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Taking people’s moral concerns seriously

September 19, 2017

Pär SegerdahlI recently published a post on how anxiety can take possession of the intellect: how anxiety, when it is interpreted by thoughts that rationalize it, can cause moral panic.

A common way of dealing with people’s moral concerns in bioethics is to take the concerns intellectually seriously. One tries to find logical reasons for or against the “correctness” of the anxiety. Is the embryo already a person? If it is, then it is correct to be morally concerned about embryonic stem cell research. Persons are then killed by researchers, who are almost murderers. However, if the embryo is not a person, but just an accumulation of cells, then there is at least one reason less to worry.

Bioethicists therefore set out to conclude the metaphysical issue about “the status of the embryo.” So that we will know whether it is intellectually correct to worry or not! One reason for this intellectualized approach is probably society’s need for foundations for decision-making. Should embryo research be allowed and, if so, in what forms? Decision-makers need to be able to motivate their decisions by citing intellectually appropriate reasons.

Bioethicists thus interpret people’s moral concerns as if they were motivated by intuitive folk-metaphysical thinking. This thinking may not always be perfectly logical or scientifically informed, but it should be possible to straighten out. That would satisfy society’s need for intellectually well-founded decisions that “take people’s concerns seriously.”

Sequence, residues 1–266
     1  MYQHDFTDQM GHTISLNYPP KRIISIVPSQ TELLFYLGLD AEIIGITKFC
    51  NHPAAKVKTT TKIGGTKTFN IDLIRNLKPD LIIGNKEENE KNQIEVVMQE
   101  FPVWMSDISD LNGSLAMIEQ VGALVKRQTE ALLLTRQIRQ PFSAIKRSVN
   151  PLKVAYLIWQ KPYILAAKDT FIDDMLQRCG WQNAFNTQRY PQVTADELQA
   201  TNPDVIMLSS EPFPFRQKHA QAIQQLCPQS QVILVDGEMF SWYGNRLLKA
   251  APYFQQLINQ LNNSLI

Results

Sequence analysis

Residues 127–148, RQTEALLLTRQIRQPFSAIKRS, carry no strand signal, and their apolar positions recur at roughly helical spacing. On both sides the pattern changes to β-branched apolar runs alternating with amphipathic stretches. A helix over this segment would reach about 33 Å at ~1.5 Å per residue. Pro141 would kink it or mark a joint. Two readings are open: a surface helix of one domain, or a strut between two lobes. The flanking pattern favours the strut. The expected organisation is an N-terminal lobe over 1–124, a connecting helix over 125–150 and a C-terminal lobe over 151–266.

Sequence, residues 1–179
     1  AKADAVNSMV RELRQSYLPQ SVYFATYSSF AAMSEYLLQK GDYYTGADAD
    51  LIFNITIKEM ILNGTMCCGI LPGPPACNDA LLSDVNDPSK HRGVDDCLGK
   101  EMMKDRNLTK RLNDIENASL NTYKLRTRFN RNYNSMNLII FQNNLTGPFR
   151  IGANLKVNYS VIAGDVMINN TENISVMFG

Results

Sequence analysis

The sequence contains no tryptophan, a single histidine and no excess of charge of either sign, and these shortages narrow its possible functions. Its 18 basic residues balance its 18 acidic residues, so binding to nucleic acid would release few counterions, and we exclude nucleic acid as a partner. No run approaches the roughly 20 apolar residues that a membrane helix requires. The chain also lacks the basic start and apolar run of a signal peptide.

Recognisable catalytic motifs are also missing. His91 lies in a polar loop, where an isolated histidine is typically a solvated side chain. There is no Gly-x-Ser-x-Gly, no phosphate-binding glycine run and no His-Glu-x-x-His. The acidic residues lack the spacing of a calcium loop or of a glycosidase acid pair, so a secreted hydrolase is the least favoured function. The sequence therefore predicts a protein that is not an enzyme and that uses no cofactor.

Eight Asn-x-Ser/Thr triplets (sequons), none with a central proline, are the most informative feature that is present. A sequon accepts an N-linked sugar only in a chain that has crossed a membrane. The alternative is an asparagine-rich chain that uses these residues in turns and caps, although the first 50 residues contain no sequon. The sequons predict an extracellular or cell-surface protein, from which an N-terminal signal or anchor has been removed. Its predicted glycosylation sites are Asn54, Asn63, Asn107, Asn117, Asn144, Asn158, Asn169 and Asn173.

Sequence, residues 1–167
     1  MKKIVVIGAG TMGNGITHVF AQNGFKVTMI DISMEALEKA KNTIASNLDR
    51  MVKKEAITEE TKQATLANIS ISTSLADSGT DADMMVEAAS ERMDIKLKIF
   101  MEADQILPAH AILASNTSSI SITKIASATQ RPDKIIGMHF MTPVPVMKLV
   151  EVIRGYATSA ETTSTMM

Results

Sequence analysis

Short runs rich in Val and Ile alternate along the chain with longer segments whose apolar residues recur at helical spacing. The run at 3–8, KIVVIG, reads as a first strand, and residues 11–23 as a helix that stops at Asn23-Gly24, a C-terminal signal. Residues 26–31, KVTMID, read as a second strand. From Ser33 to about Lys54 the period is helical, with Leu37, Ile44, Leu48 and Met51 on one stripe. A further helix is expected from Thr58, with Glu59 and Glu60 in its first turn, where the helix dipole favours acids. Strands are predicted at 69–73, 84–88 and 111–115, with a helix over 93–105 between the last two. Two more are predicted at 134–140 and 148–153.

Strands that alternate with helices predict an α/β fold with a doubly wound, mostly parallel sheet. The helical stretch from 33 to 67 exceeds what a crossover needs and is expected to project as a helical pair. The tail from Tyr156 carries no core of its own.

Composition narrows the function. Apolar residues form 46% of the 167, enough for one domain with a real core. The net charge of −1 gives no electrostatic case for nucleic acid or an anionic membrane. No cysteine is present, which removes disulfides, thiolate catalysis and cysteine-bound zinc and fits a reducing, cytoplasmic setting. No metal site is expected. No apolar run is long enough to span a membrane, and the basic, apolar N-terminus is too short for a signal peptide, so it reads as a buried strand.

The problem with this way of taking people’s concerns seriously is that their worries are intellectualized. Do we worry on the basis of logic? Are children afraid of ghosts because they cherish a metaphysical principle that assigns a dangerous status to ghosts? Can their fear be dealt with by demonstrating that their metaphysical principle is untenable? Or by pointing out to them that there is no evidence of the existence of beings with the horrible characteristics their principle assigns to “ghosts”?

Why are many people hesitant about research with human embryos? I have no definitive answer, but doubt that it is due to some folk-metaphysical doctrines about the status of the embryo. Perhaps it is more related to the fact that the embryo is associated with so much that is significant to us. It is associated with pregnancy, birth, children, family life, life and death. The connection to these intimate aspects of life means that we, without necessarily having the view that embryo research is wrong, can feel hesitant.

The question is: How do we take such moral hesitation seriously? How do we reject delusions and calm ourselves down when the intellect starts to present us with horrible scenarios that certainly would motivate anxiety? How do we do it without smoothing things over or acting like faultfinders?

I believe that bioethics should above all avoid intellectualizing people’s moral concerns; stop representing moral hesitation as the outcome of metaphysical reasoning. If people do not worry because of folk-metaphysical doctrines about the embryo, then we have no reason to debate the status of the embryo. Instead, we should begin by asking ourselves: Where does our hesitation come from?

That would mean taking ourselves seriously.

Pär Segerdahl